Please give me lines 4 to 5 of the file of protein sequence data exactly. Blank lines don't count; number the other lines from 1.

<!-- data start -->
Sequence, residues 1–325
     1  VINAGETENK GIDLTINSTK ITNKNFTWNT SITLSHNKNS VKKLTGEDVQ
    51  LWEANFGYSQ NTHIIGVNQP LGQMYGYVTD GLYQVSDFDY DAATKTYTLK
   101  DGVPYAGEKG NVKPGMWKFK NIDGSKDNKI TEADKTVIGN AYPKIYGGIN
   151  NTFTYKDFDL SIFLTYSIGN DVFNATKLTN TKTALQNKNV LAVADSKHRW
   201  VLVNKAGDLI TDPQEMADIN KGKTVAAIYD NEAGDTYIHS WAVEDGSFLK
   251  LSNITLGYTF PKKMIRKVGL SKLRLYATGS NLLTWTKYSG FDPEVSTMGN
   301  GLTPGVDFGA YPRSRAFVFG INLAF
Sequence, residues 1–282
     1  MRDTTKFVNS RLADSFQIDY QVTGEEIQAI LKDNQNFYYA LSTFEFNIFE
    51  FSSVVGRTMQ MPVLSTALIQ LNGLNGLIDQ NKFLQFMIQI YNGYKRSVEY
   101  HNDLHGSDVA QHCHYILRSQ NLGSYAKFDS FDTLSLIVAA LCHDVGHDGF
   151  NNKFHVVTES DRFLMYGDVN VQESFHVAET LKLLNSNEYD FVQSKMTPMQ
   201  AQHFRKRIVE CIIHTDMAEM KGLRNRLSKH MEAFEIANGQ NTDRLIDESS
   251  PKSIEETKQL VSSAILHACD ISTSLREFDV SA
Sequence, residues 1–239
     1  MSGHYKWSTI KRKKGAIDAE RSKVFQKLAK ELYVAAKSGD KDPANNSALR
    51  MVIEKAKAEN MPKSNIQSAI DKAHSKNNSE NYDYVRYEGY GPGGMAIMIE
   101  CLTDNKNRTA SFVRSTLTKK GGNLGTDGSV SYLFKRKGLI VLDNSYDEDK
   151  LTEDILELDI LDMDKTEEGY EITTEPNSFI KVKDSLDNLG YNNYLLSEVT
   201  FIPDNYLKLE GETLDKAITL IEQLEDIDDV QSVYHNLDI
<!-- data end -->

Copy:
   101  DGVPYAGEKG NVKPGMWKFK NIDGSKDNKI TEADKTVIGN AYPKIYGGIN
   151  NTFTYKDFDL SIFLTYSIGN DVFNATKLTN TKTALQNKNV LAVADSKHRW